Now We All Learn (not)

One of the keynotes I attended in Madison was by Curtis Bonk. The premise of his talk (from what I can gather) was the statement “Now We All Learn” – that everyone can now be involved in wonderful learning on the Internet.

NOT

At least, not in the good old U.S. of A.

The U.S. census report (1996) projected that the number of households in 2008 woud be somewhere around 111 million. The latest Leichtman Research Notes suggest 64 million subscribers to broadband Internet from Cable and Telephone companies in 2Q 2008. This brings us to the harsh truth that somewhere around 57% of U.S. Households have wired broadband Internet at home. Certainly there are others (like myself) who pay for expensive satellite broadband service, but the best I can find for (just) under $100 a month is 1.5 Mbps download (and let’s just not talk about upload, shall we?).

What are the likely reasons for not having Internet at home?

  1. No computer ((for example, Leichtman Research says that 44% of households with annual incomes under $30,000 that do not have a computer at home)
  2. No wired broadband is available (again from Leichtman Research, 14% of rurual internet subscribers, or those interested in going online, have no wired broadband access).
  3. Can’t afford it.

While the blogging world (including myself) loves the idea of OLPC bringing computers to developing and war-torn countries – we still need to consider that many children in the U.S. do not have computers in their homes.

There are fantastic opportunities to learn via role-playing (can’t wait for Spore) or game-playing (have you seen Math Playground?) on the Internet, but many households can’t get anything but dialup (and speaking from experience, the dial-up experience on some of these phone lines is L-O-U-S-Y).

Finally, there’s the cost issue.

When I asked, at Bonk’s talk, what he had to say to the students in the U.S. with no decent Internet access, he suggested that they go to public libraries. I wonder if he’s ever tried it … first, you’ve got to get to the library (not easy in many rural areas if you can’t drive yourself), then you might have to wait in line, and finally, when you get to the terminal, you are likely to find (in your allotted 15 minutes) that the computer does not have the most recent versions of Flash, Quicktime, and other plugins necessary to make your online experience worthwhile.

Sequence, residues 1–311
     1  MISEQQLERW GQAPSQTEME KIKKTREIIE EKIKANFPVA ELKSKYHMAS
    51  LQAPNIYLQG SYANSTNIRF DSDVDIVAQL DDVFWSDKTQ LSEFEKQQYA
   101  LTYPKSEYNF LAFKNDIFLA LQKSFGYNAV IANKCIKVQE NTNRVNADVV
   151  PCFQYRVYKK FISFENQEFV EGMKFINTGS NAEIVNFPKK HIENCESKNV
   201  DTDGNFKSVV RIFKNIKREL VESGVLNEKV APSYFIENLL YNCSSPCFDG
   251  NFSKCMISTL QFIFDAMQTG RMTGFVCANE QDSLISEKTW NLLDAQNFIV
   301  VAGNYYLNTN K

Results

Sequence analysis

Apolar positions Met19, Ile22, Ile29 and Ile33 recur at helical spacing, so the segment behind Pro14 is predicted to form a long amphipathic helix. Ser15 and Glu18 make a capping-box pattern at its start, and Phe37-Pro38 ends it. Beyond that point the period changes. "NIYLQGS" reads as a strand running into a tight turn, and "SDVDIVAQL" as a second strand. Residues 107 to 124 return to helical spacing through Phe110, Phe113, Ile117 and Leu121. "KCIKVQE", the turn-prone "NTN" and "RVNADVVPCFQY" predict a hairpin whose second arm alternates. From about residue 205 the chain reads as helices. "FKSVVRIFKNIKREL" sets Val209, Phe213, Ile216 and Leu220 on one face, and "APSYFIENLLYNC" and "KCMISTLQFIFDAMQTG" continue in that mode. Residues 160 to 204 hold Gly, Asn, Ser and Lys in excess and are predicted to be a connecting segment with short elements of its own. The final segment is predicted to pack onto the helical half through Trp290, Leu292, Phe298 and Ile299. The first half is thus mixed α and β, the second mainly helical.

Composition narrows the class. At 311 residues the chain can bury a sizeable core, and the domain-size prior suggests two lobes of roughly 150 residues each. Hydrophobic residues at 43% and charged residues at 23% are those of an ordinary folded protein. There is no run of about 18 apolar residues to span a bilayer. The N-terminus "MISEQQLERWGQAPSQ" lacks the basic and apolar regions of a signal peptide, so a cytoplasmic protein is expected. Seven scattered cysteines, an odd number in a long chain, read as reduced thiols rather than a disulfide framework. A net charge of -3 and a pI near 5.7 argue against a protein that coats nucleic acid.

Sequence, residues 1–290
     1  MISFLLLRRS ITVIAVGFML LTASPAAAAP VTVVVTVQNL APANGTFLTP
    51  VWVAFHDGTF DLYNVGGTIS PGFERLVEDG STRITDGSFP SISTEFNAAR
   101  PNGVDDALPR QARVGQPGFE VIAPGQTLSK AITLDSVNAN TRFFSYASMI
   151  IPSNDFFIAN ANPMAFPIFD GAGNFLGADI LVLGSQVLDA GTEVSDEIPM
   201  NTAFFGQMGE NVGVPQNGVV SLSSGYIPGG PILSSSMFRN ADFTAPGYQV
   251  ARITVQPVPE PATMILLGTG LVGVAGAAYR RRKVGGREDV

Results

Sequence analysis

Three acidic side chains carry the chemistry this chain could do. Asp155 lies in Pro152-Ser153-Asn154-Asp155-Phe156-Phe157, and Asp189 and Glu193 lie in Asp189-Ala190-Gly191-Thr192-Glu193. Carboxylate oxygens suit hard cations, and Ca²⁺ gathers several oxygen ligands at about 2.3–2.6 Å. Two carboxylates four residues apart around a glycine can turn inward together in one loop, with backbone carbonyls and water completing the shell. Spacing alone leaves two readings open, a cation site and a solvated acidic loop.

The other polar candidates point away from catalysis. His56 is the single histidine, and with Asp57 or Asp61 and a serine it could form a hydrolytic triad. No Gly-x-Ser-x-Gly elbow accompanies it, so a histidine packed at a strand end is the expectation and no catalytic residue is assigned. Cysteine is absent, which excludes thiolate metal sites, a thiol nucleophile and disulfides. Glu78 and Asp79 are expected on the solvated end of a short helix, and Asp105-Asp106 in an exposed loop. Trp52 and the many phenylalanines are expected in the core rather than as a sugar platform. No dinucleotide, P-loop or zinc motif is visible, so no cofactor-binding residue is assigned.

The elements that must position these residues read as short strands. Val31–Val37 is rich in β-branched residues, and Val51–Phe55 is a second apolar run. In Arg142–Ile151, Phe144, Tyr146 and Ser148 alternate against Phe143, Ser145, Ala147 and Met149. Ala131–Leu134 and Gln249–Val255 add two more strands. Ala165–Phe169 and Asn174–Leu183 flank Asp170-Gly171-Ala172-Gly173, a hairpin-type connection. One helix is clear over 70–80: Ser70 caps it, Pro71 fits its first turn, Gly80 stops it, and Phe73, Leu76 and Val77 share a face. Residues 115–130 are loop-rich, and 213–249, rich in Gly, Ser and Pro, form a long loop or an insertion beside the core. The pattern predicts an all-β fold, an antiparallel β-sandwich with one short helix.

If only there were some way to bring Internet easily into everyone’s home like we did with Television …

Oh, right, … there IS that possibility – we could “Free the Airwaves” and provide universal wireless Internet.

Please, sign the Petition to free the TV whitespaces here.

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  1. Robert Talbert says:

    I’ve mentioned Vernor Vinge here before, and his book Rainbows End is set in a near-future San Diego which has the kind of connectivity you’re talking about — ubiquitous, ultra-high-speed and -bandwidth internet thanks to the invention of tiny, self-powering, biodegradable wireless routers that all connect with each other. They are so cheap and tiny that it’s cost-efficient to put them literally everywhere.

    Something like this may already be in play with the Meraki Mini, a wireless router that costs $50, is about the size of an iPhone, and creates a “mesh” network with other Meraki minis so that several of them used in parallel can amplify the radius of coverage. Conceivably, a city could buy a few hundred of these things and take a more expensive wireless infrastructure and extended it a pretty good distance away.

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